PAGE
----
You know you’re doing something right when Chuck Norris is scared of you

I really should take his paranoid tirade apart point-by-point, but I have better things to do.Let me just say that Chuck has officially made a jackass of himself in this article about how the atheists are trying to outlaw Christianity.

If only we could, fuckwad, you’d be one of the first against the wall just for being a particularly stupid Christian.

(Just an act of defiance targeted directly at the Texas Ranger’s paranoia)

I would have loved to have made comments on the actual article, but he doesn’t take comments, he only preaches. Strong evidence that he cannot take the criticism he invites with his weak arguments.
[update: I suddenly cannot get enough of Chuck Norris mockery. Please send more!]


8 thoughts on “You know you’re doing something right when Chuck Norris is scared of you

  1. I will grant that the argument of agnosticism among scientists is applicable, reasonable, and fairly valid.
    Except for his argument that scientists are horrified of the unknown. Truth is, scientists love the unknown: it gives them something to study.
    The part that I disagree with Chuck on, and I strongly feel that the only proper response to this attitude is mockery, is the impression he leaves that there is an army of atheists out there just itching to corrupt our great Christian nation and its children.
    We’re just not that organized- we have no mandate from a higher power to become organized!
    As an informal rule, the only atheists I’ve ever known (or read) would not bother to speak up just because they want to corrupt the youth- they speak up because to remain silent is to give implicit permission to the most extreme religiophiles to behave as if this really was a “Christian” nation.
    Which is an unforgivable falsehood.
    Our laws *must* be secular in nature, or both the secular and the religious will suffer. I do not know how better to say this: there already has been a time in history where the world was ruled by the Christian church.
    That epoch is now known as the Dark Ages.

    The commenter, John B., did not even use his own thoughts to defend the imperiled Chuck.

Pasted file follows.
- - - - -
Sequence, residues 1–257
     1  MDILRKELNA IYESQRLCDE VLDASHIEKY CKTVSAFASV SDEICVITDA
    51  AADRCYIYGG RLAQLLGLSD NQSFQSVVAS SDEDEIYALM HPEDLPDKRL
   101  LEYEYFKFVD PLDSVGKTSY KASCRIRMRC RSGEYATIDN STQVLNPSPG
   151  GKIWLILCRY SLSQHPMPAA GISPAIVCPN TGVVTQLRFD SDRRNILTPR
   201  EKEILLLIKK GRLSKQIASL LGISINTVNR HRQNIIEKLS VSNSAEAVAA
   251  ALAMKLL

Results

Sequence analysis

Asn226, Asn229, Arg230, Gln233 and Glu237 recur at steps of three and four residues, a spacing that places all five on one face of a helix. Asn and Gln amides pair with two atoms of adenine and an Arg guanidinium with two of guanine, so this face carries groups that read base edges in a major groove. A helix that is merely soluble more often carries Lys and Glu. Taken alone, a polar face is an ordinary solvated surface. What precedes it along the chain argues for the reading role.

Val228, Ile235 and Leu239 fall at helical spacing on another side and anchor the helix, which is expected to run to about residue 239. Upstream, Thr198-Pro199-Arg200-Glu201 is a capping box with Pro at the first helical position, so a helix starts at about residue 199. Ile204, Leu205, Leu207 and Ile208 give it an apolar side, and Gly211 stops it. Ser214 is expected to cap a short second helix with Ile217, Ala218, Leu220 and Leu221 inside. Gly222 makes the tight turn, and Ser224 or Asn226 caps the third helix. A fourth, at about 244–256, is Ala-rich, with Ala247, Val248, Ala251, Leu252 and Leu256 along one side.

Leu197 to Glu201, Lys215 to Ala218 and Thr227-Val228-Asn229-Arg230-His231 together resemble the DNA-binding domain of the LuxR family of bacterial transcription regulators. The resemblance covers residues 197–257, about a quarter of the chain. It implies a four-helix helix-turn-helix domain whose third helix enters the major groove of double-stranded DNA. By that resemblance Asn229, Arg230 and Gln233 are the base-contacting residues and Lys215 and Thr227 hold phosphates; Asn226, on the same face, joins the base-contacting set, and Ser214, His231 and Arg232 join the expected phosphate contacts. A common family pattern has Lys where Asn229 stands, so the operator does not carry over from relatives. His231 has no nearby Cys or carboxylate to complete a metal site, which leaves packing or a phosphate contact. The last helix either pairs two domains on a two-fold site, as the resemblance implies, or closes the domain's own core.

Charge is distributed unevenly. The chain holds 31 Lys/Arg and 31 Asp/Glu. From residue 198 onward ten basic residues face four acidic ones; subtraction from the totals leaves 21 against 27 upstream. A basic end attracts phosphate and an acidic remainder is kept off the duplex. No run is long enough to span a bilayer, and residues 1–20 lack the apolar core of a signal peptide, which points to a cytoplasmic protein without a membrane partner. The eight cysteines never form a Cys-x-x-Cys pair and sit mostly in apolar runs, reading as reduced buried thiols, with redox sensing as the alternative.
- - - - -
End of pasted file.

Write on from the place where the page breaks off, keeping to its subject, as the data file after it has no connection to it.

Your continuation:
He copied and pasted his reply DIRECTLY from someone else’s comment on Pharyngula.
    Did he not think I would notice?
    What a fucktard.

  3. I find his plagarism strangely appropriate, as it would appear many of the “Thumpers” can’t seem to think for themselves in the first place. But, to quote a “Conservative” I can agree with (sometimes):

    On religious issues there can be little or no compromise. There is no position on which people are so immovable as their religious beliefs. There is no more powerful ally one can claim in a debate than Jesus Christ, or God, or Allah, or whatever one calls this supreme being. But like any powerful weapon, the use of God’s name on one’s behalf should be used sparingly. The religious factions that are growing throughout our land are not using their religious clout with wisdom. They are trying to force government leaders into following their position 100 percent. If you disagree with these religious groups on a particular moral issue, they complain, they threaten you with a loss of money or votes or both.
    I’m frankly sick and tired of the political preachers across this country telling me as a citizen that if I want to be a moral person, I must believe in “A,” “B,” “C” and “D.” Just who do they think they are? And from where do they presume to claim the right to dictate their moral beliefs to me?
    And I am even more angry as a legislator who must endure the threats of every religious group who thinks it has some God-granted right to control my vote on every roll call in the Senate. I am warning them today: I will fight them every step of the way if they try to dictate their moral convictions to all Americans in the name of “conservatism.”
    Barry Goldwater, speech in the US Senate (16 September 1981)

  4. I forgot about this Goldwater quote which is even more appropriate:

    “I think every good Christian ought to kick Falwell right in the ass.”
    July, 1981, in response to Moral Majority founder Jerry Falwell’s opposition to the nomination of Sandra Day O’Connor to the Supreme Court, of which Falwell had said, “Every good Christian should be concerned.”—Ed Magnuson, Time Magazine, The Brethren’s First Sister, July 20, 1981. Retrieved 1/1/07.

  5. Geez, you just can’t win, can you?
    It’s so sad that we can’t get someone elected who thinks religious meddling in the gov’t is a bad idea, that NASA and our universities really ought to be funded, and that people should actually have equal protection under the law.
    I never thought it was asking that much.

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